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Gators deal with Hurricane Sandy

Written by phillipheilman, November 6, 2012, 0 Comments,
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Hurricane Sandy left a path of destruction in the Northeast U.S. last week, but members of the Florida Gators were feeling the effects thousands of miles away.

As Sandy rushed toward the East Coast, Josh Evans and Dominique Easley were preparing to face Missouri in Florida’s final Southeastern Conference game of the season.

Each has family in the Northeast who were affected by the storm and were forced to play while their thoughts and prayers were elsewhere.

“It was very scary,” Evans said. “I kind of had a chip on my shoulder this weekend just trying to go out there and play herder for my family and what they are going through and the lives that were lost back in New Jersey and New York and Connecticut.”

As of Saturday, the death toll from Hurricane Sandy was 110. Of those, 48 lives were claimed in New York alone.

Easley, who is from Staten Island, N.Y., continued his strong play on Saturday. He finished the game with four tackles and combined with freshman Jon Bullard to sack James Franklin in Florida’s 14-7 win.

Evans built on his team-leading tackle total, finishing the game with 12 tackles to raise his season total to 62. He also intercepted a pass in the end zone with fewer than 10 seconds remaining to clinch the victory for the Gators.

The junior safety said though times have been difficult, he wanted to give his family something to smile about.

“It had me a little emotional this weekend to just go and play my heart out,” he said. “It’s been tough.”

Teammates noticed the added intensity from Evans and Easley.

“We knew what they was going through and what was happening,” Lerentee McCray said. “They came out and played their hearts out.”

It is estimated that 1.3 million homes and business are still without power as the states affected by the storm attempt to recover from the damage.

Evans, who is from Irvington, N.J., said his family is going on two weeks without power, but things are looking up.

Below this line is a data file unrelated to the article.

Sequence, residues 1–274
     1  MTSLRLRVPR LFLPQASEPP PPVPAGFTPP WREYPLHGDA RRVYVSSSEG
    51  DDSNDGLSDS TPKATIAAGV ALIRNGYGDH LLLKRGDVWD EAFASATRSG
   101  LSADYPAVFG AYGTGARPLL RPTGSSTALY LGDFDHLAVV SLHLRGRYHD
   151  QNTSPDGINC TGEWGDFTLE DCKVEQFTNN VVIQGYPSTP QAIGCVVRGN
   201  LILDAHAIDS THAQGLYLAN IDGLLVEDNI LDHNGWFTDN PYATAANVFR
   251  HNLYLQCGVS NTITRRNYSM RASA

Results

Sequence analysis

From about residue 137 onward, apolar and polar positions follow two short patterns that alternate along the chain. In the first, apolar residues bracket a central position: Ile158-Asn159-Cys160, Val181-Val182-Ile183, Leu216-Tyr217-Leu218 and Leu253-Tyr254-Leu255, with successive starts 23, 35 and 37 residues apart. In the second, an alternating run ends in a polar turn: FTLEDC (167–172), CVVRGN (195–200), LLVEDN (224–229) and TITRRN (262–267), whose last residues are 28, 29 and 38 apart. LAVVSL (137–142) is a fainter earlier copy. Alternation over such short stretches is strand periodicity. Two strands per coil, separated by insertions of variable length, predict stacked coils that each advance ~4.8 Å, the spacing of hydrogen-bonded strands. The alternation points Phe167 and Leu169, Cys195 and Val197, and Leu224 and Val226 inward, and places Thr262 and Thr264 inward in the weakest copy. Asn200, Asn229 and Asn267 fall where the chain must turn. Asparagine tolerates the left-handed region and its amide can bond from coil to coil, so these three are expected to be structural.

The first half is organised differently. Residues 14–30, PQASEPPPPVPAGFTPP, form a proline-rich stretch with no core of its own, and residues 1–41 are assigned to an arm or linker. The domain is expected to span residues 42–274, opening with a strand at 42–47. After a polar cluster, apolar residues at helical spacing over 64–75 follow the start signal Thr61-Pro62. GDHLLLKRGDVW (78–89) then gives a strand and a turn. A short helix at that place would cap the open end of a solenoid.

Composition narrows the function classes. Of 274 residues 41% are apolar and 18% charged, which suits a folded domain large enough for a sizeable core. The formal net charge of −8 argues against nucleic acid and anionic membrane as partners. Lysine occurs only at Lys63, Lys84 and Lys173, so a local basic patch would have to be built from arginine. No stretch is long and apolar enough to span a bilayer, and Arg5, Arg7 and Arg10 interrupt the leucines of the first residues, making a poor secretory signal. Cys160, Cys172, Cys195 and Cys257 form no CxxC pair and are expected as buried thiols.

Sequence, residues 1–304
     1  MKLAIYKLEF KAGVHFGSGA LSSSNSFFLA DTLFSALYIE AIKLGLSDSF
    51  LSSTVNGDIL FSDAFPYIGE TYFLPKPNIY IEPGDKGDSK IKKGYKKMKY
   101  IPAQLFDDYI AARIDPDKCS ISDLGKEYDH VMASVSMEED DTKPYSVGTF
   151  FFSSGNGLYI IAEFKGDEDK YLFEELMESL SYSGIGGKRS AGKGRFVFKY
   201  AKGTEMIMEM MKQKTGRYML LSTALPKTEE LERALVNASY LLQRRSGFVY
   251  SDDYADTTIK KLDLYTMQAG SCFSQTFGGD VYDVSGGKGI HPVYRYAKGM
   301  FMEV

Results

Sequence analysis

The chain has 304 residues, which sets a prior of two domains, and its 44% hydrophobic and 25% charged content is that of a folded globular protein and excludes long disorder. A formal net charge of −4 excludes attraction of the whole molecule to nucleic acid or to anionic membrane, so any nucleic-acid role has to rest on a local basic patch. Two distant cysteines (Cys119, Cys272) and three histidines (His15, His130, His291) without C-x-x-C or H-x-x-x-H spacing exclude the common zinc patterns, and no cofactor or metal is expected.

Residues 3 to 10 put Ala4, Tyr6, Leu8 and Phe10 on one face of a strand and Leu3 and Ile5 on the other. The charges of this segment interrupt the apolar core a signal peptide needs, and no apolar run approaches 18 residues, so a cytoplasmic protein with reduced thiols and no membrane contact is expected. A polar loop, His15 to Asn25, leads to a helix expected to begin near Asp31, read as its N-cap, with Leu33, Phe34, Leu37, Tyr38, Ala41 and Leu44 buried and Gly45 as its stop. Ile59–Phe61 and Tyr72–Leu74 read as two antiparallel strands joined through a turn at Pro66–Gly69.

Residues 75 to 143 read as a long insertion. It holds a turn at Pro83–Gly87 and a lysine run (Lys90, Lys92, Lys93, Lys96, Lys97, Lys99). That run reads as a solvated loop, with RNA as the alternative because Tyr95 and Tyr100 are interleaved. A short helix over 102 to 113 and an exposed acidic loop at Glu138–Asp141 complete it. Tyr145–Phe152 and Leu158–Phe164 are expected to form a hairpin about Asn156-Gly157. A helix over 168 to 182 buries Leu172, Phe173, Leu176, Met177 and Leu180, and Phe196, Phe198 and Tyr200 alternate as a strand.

“Things are starting to change now,” he said. “They are starting to get some things worked on.”

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Hurricane Sandy left a path of destruction in the Northeast U.S. last week, but members of the Florida Gators were feeling the effects thousands of miles away.

As Sandy rushed toward the East Coast, Josh Evans and Dominique Easley were preparing to face Missouri in Florida’s final Southeastern Conference game of the season.

Each has family in the Northeast who were affected by the storm and were forced to play while their thoughts and prayers were elsewhere.

“It was very scary,” Evans said. “I kind of had a chip on my shoulder this weekend just trying to go out there and play herder for my family and what they are going through and the lives that were lost back in New Jersey and New York and Connecticut.”

As of Saturday, the death toll from Hurricane Sandy was 110. Of those, 48 lives were claimed in New York alone.

Easley, who is from Staten Island, N.Y., continued his strong play on Saturday. He finished the game with four tackles and combined with freshman Jon Bullard to sack James Franklin in Florida’s 14-7 win.

Evans built on his team-leading tackle total, finishing the game with 12 tackles to raise his season total to 62. He also intercepted a pass in the end zone with fewer than 10 seconds remaining to clinch the victory for the Gators.

The junior safety said though times have been difficult, he wanted to give his family something to smile about.

“It had me a little emotional this weekend to just go and play my heart out,” he said. “It’s been tough.”

Teammates noticed the added intensity from Evans and Easley.

“We knew what they was going through and what was happening,” Lerentee McCray said. “They came out and played their hearts out.”

It is estimated that 1.3 million homes and business are still without power as the states affected by the storm attempt to recover from the damage.

Evans, who is from Irvington, N.J., said his family is going on two weeks without power, but things are looking up.

“Things are starting to change now,” he said. “They are starting to get some things worked on.”

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